Read more: All returned missionaries now automatically admitted to BYU-Pathway Worldwide’s PathwayConnect
After completing the PathwayConnect program, Rolayne Waldron was anxious for her and Tom Waldron to continue their education by enrolling at BYU-Idaho.
“It’s interesting how the Spirit has to work with with us differently and … you know, we all just learned differently,” Rolayne Waldron said. “I just knew that we needed to be in Rexburg, … I just was full speed ahead and praying all along.”
It seemed like a crazy idea. In Rexburg, Idaho, they didn’t have a house or a job. In Arizona they had both. But Rolayne Waldron couldn’t shake the feeling that they needed to be in Rexburg.
True to his practical side, Tom Waldron, on the other hand, wasn’t convinced that moving their whole family without a sure plan for how to make things work was a good idea. As a self-proclaimed “nuts and bolts” guy, he wanted to know where they’d live, what job he would have and how they would balance being full-time students with supporting their family.
It took a lot of convincing from his wife and a lot of personal prayer, but eventually, Tom Waldron said, he got a confirmation to go.
“I just got this confirmation from Heavenly Father that said, ‘Don’t worry, I’ll take care of you.’ And that was pretty powerful to me. So I really knew I needed to take that leap of faith and trust in the Lord that He will take care of us,” Tom Waldron said.
Their years in school were stressful and never easy, the Waldrons said, but all along the way, they could see the helping hand of the Lord in their lives.
In 2017, Tom Waldron graduated with a bachelor of science in automotive technology management and then enrolled at Western Governors University for a master’s degree in management leadership and will finish that degree this fall, pending his last assignment.
Rolayne Waldron graduated in 2018 with a bachelor of science in marriage and family science.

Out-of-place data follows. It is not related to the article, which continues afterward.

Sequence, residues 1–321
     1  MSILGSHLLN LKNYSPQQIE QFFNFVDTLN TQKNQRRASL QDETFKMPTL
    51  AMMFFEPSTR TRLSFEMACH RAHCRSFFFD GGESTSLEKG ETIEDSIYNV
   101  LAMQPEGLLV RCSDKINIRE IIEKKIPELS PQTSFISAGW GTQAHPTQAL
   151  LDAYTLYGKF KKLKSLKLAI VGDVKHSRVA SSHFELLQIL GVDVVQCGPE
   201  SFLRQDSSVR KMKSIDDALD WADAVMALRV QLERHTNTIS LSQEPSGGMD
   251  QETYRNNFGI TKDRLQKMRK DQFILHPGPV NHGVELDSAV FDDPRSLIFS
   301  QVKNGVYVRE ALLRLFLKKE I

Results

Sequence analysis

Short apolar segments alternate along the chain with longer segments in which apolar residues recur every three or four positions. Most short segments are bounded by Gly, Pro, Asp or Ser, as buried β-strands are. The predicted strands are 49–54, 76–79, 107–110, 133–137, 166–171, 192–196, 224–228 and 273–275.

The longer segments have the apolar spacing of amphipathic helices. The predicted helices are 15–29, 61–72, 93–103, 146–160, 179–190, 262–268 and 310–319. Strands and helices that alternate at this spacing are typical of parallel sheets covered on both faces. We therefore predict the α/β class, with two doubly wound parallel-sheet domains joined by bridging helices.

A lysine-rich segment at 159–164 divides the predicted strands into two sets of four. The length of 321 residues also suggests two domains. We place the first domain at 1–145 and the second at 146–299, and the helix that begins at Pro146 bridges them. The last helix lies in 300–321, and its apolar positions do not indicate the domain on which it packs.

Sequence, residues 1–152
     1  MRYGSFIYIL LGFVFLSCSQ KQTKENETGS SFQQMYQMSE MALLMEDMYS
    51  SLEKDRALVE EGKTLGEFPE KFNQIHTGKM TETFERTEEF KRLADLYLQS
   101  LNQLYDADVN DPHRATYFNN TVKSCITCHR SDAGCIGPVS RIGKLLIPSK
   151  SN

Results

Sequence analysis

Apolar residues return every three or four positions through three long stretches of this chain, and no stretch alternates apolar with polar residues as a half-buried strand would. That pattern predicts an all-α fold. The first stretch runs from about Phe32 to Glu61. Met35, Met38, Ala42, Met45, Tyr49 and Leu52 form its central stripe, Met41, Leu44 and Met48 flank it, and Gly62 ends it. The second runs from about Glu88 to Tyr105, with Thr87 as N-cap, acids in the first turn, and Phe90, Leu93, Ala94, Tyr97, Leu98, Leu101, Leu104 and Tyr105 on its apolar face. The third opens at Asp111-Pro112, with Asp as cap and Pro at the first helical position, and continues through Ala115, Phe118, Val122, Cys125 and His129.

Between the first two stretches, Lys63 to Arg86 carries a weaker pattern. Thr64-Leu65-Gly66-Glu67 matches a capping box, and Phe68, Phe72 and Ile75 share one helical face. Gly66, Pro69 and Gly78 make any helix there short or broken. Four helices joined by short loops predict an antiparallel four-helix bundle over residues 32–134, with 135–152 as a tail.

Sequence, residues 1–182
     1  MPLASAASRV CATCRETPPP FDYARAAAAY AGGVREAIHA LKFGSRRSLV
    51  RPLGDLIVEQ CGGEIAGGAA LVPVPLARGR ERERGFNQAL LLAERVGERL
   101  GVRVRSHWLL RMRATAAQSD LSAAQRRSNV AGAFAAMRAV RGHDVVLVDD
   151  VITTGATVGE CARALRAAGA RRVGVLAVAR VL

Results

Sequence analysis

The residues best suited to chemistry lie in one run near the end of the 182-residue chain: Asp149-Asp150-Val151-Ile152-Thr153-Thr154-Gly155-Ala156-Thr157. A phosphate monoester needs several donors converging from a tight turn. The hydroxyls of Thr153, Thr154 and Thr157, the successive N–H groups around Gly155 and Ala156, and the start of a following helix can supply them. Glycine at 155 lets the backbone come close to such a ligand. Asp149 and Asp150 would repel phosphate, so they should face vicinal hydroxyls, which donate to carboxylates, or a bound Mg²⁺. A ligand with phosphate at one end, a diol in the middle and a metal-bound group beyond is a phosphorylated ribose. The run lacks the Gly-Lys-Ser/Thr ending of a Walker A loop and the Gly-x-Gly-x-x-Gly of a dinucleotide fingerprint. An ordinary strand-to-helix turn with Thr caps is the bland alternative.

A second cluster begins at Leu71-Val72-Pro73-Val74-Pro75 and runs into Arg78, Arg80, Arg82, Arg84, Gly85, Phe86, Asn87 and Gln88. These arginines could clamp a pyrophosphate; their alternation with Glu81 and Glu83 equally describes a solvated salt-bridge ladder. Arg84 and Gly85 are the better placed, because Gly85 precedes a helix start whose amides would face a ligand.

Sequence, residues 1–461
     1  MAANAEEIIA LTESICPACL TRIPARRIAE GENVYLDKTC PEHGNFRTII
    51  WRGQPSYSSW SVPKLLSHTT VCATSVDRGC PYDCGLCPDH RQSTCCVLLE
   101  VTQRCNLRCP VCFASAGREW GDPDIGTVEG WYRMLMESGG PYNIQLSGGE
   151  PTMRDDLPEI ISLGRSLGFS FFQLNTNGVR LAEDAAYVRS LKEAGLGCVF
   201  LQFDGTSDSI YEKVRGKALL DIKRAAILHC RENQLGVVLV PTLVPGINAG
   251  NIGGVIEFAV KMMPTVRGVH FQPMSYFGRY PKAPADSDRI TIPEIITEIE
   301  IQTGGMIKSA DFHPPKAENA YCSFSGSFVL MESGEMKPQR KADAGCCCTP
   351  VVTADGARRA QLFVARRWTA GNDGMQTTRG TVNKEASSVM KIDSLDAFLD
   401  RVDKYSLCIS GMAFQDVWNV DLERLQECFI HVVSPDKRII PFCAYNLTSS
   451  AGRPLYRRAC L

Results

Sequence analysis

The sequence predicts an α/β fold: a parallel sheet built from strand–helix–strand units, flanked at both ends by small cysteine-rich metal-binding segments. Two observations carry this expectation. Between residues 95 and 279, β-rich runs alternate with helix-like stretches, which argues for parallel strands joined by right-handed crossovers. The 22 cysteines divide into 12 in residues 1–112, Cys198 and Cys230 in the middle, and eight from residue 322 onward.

Following his graduation, Tom Waldron took on a part-time job at BYU-Idaho teaching as an adjunct professor teaching automotive technology while he continued in his master’s program.
When a full-time position in the same department became available last year, he decided to apply and, after an intensive interview process, was offered the position.
He will begin teaching later this month as a full professor at the university and, as such, will be the first Pathway graduate to become a full-time professor at BYU-Idaho.
Blessings of a secular and spiritual education
This year marks the 10-year anniversary for PathwayConnect — which, in 2017, transitioned from being housed within BYU-Idaho to the newly formed BYU-Pathway Worldwide. Since beginning a decade ago, the programs offered through BYU-Pathway have grown significantly — from 50 PathwayConnect students in the United States to more than 45,000 students in 134 countries annually enrolled in PathwayConnect and online certificate and degree programs from BYU-Idaho. BYU-Pathway Worldwide is also now the largest institution of higher education in the Church Educational System, surpassing Brigham Young University in Provo, Utah. And earlier this year, BYU-Pathway announced preapproval for the enrollment of all returned missionaries as well as virtual classrooms which make the program more widely available around the world.